Less than a week after he was cut as a salary cap casualty in Tennessee, Josh Kline was in Minnesota with a fresh round of financial security — and, potentially, a new role as a central figure in the Vikings' latest offensive line overhaul.
Kline, released March 15 by the Titans, signed a three-year deal with Vikings on Wednesday that could be worth up to $15.75 million. He comes to the Vikings after a season in a Titans offense coordinated by new Packers coach Matt LaFleur, whose offensive roots are the same as those of Vikings assistant head coach Gary Kubiak and offensive line coach Rick Dennison. When players return to the team's practice facility on April 15 for the start of offseason workouts, Kline will have as much experience with the particulars of the Vikings' new offense as anyone not named Kirk Cousins.
"It definitely helps out with the transition for me and for Kirk," Kline said in a conference call Thursday. "I'm sure when he was at Washington, he had some of the same verbiage and everything. There's little things that are different, but everything is pretty much the same and there's a lot of aspects in any offense throughout the league that have similar aspects but just have different terminology. In this system, the terminology is basically the same, so it's going to help out.
"A lot of football with me as a player, I have to go out and actually do it. You can draw it up on the board all you want, but me as a learner, I have to go out and do it. So, starting here with Minnesota, having a whole entire offseason with the team is going to help me out a lot, just from a fit aspect: my right tackle and my center, as an offensive line as a whole, and as an offense as a whole."
The 29-year-old said the team has talked about keeping him at the right guard spot he's played the past three seasons. He arrives as the only guard on the Vikings roster with significant NFL starting experience, and he'll be counted upon to help upgrade an offensive line that's turned into an annual project.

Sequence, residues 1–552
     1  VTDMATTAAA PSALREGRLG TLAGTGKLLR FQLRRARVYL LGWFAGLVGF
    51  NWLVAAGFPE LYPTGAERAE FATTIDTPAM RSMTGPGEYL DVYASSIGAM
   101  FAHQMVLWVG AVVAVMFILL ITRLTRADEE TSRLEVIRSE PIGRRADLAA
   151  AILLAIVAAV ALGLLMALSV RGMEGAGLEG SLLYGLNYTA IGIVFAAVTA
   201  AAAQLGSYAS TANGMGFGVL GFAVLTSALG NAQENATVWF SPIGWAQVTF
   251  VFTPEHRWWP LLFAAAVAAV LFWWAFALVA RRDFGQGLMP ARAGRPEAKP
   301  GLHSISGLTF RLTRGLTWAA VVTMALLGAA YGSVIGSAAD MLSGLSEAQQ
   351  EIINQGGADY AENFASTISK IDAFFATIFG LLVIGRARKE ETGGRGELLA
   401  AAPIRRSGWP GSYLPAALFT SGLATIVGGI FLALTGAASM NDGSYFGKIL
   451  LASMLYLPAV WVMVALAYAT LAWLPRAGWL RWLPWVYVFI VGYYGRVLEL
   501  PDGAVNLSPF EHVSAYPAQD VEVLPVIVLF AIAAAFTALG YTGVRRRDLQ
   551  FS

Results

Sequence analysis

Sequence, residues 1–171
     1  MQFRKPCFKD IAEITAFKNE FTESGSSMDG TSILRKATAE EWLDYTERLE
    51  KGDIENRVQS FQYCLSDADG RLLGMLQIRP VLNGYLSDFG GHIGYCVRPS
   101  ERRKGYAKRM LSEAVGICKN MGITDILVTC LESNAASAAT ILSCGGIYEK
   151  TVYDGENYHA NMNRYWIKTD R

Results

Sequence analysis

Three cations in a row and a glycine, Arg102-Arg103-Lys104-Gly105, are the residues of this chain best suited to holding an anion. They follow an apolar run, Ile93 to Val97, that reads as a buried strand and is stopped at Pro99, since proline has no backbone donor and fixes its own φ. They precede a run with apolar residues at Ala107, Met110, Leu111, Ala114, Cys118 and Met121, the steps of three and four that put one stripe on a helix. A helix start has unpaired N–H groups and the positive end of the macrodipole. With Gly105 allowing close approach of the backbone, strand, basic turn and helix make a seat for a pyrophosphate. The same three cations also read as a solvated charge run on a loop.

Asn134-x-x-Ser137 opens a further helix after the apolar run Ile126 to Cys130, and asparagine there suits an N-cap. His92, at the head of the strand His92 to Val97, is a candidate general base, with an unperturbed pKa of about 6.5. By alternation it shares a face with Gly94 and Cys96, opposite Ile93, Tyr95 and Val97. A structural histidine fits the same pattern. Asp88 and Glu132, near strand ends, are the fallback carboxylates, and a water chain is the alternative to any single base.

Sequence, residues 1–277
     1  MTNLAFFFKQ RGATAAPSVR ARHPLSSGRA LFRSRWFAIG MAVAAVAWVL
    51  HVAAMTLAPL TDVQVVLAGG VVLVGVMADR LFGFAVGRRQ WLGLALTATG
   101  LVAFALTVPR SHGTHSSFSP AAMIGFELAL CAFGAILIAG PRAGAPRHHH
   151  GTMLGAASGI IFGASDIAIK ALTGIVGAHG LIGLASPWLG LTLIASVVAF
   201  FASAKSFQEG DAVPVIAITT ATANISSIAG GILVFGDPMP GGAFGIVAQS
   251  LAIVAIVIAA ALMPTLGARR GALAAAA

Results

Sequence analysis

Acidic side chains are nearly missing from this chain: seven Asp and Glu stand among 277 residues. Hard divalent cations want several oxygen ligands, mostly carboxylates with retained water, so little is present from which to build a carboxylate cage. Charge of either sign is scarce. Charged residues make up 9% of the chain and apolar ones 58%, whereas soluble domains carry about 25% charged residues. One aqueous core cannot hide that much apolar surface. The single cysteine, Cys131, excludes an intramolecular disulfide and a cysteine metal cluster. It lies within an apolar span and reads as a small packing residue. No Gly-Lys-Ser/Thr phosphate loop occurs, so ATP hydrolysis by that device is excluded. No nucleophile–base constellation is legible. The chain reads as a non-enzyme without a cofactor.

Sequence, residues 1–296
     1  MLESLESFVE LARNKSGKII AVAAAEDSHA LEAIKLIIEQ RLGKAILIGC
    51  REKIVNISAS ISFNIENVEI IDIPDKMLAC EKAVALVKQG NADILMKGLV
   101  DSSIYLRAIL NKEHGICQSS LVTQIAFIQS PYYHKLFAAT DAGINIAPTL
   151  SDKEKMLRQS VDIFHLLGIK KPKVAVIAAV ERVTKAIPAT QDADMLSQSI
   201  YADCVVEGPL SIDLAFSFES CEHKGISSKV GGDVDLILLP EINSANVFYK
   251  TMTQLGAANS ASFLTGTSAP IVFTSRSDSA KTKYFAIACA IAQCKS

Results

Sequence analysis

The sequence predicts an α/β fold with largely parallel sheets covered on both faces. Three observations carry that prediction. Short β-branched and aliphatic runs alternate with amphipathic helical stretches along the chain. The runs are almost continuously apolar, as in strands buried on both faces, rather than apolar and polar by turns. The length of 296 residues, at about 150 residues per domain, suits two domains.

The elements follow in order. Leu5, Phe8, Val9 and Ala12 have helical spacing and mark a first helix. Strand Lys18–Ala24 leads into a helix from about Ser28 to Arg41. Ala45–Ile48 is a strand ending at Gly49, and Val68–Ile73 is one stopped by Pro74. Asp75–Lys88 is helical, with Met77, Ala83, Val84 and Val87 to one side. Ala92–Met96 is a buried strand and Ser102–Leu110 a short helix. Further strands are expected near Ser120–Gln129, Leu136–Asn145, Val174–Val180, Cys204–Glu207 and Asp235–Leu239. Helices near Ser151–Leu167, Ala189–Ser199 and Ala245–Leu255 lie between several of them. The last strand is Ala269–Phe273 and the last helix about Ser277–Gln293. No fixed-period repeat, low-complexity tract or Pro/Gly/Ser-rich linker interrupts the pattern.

"I'll try to be a leader in that aspect, but I prefer to lead by example and by actions," he said. "I'm not someone who really speaks up unless I have to. I just want to be a team player and just help this team out any way I can. If that's my actions, showing the younger guys how I'm working and what I'm doing as a good teammate, that should help out. If I have to pull some younger guys aside and give them some perspective, then I'll have to, but we'll see what comes with that, because I haven't met any of the offensive linemen yet. It's going to be a great room, from what I hear and from what I saw on tape."
Undrafted out of Kent State, the 6-3, 295-pound Kline has started 64 of his 79 regular-season game appearances, including an active streak of 46 consecutive starts at right guard.
Kline played for the Patriots from 2013-15, starting five of six playoff games. He won a Super Bowl with New England his second season there.
Kline, who had dinner with Vikings coaches Tuesday evening before touring the team facility Wednesday, praised Dennison's attention to details, saying the Vikings' new line coach can help him "because my technique can be a little off sometimes, so that's what I need.
"I want to be coachable," he said. "From what I hear and from [his] past players I've asked around the league, they've spoken very highly of him."